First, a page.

Unfolding also leads me to think of gentleness, effortlessness, an easiness with the process. There is no striving or contending when you unfold.  You cannot force or hurry your unfolding. You just submit to it - like a good massage.  You are passive, yet present.  You are aware but not in control.  

Unfolding is like unclenching your fist.  Open your hand, relax your fingers, expose your palm. Let the stress or anger go.  Allow the hot, knotted emotions to ease and cool.  Maybe they will even dissipate as you simple let them go.  

But the word that seems constantly coupled with unfolding is gentleness.  This is a kind process, an easy place where the yoke is light and easy.  Could Jesus' yoke really be this gentle? The Dali Lama also speaks of being gentle to ourselves, extending a kindness and grace to our self as we experience harsh emotions, display bad behavior or struggle.  Gentleness as we view ourselves, gentleness as we follow, gentleness as we unfold and discover what God is developing in us.

As I said, this word has been a good housewarming gift.  It has allowed me freedom to gently unfold and allow God to reveal His reasons for me to be here at this time and in this place.  I think that now as I return to my gently rocking routine, there will be more unfolding and more revealing.  I think that next there will be deepening as I learn how to engage in Burundi in ways that are in step with the way of Jesus and for the sake of His world.

Friday, July 3, 2009

So much beautiful

It has been weeks since I have written anything beyond status updates on Face Book.  There has not been time to really reflect and say anything worth reading.  There has been so much happening and so little personal bandwidth to be able to communicate it.  So silence... and a hope that something will emerge and be blog-worthy.  But all writers know that waiting for inspiration is a cop out - you just have to sit down and write.  So I am finally doing just that... with no promises about the thoughts to come.  Good friends will understand and extend some grace!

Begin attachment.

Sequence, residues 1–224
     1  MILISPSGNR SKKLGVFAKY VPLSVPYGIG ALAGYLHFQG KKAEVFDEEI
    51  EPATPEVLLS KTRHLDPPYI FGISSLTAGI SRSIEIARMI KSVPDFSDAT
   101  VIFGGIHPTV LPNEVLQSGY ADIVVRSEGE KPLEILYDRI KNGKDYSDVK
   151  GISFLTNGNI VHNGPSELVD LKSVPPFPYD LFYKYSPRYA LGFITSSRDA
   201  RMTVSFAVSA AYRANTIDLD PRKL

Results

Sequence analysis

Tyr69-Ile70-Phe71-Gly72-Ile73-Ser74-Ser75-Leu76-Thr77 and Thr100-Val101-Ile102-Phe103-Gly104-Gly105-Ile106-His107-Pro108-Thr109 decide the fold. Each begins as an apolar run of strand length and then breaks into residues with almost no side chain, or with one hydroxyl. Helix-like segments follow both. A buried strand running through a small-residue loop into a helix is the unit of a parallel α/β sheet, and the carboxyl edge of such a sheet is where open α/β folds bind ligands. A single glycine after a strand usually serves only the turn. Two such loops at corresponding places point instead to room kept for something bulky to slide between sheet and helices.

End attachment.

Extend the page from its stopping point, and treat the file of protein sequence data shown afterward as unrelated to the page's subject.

The last month was full, brimming over with goodness and friends and divine surprises.  I was in South Africa for our annual gathering of friends.  Over 200 friends from across southern and eastern Africa, plus some westerners for good measure.  It was a reunion that embraced new friends as well as old in an on-going conversation about God's work in African communities.  
Conversation was rich, connections were rich, communion & celebration were fitting for us. 
Coming together like this never gets old!

Right away we flew from Jo'burg to Bujumbura, 7 friends carrying joy from one gathering into the next.  We arrived to Burundi in the dark, early hours of the morning.  The city streets were empty and the electricity in the house was off... our friends would have to wait till morning to see where they had arrived.  But in the morning light they could see the goodness of Burundi - with sweet sun and light breezes that were so refreshing after the rainy winter days of South Africa.  We'd rest by the shore of Lake Tanganyika enjoying pizza, wireless internet access and that glorious view of the lake and the Burundian foothills.  

But just a day later we were in high gear as we readied to welcome 30 friends traveling from Texas to meet the Batwa of Burundi.  Bringing these two diverse communities together was a year in the making, or planning or praying.  God wildly surpassed our best plans, expectations and hopes for this gathering of friends!  Connections between these two communities seemed effortless, natural and God-ordained.  Greetings were enthusiastic and warm from the first smile, from the initial hand shake.  There was music - the sounds of hands clasping together, harmonies of laughter, lyrics being learned in Kirundi and English... new songs of friendship being composed right before our eyes!  Then we danced together on the beach - and found one another with joyful abandon.  I promise you this is no exaggeration, something happened that first day together.  The Spirit drenched us.  Maybe it was a taste of Pentecost on the edge of Lake Tanganyika... where language and culture did not hinder our ability to express love and share in joy together.  I will never forget that God-drenched day.  Ever.

The days that followed kept my eyes moist with tears.  The goodness keep unfolding between my American and Batwa friends.  Each community was laden with blessings, the friendship was yielding a bounty of blessings that could scarcely be contained.  We played volleyball together on the beach and swam in the lake, we worked together clearing fields and weather-proofing homes, we shared meals, sang by the fire, exchanged gifts and blessings and laughter.  At one point I wondered, fleetingly, when the bubble would burst.  Too much goodness was... too much.  At some point something had to give...  But God's goodness does not run dry or evaporate like burst bubbles.  His goodness grows, expands, deepens... and this was a foretaste of His lavish goodness to all of us.  As our friend Tracy sings, 'So much beautiful.'  It was just so much beautiful.

I will write more... but this is a start.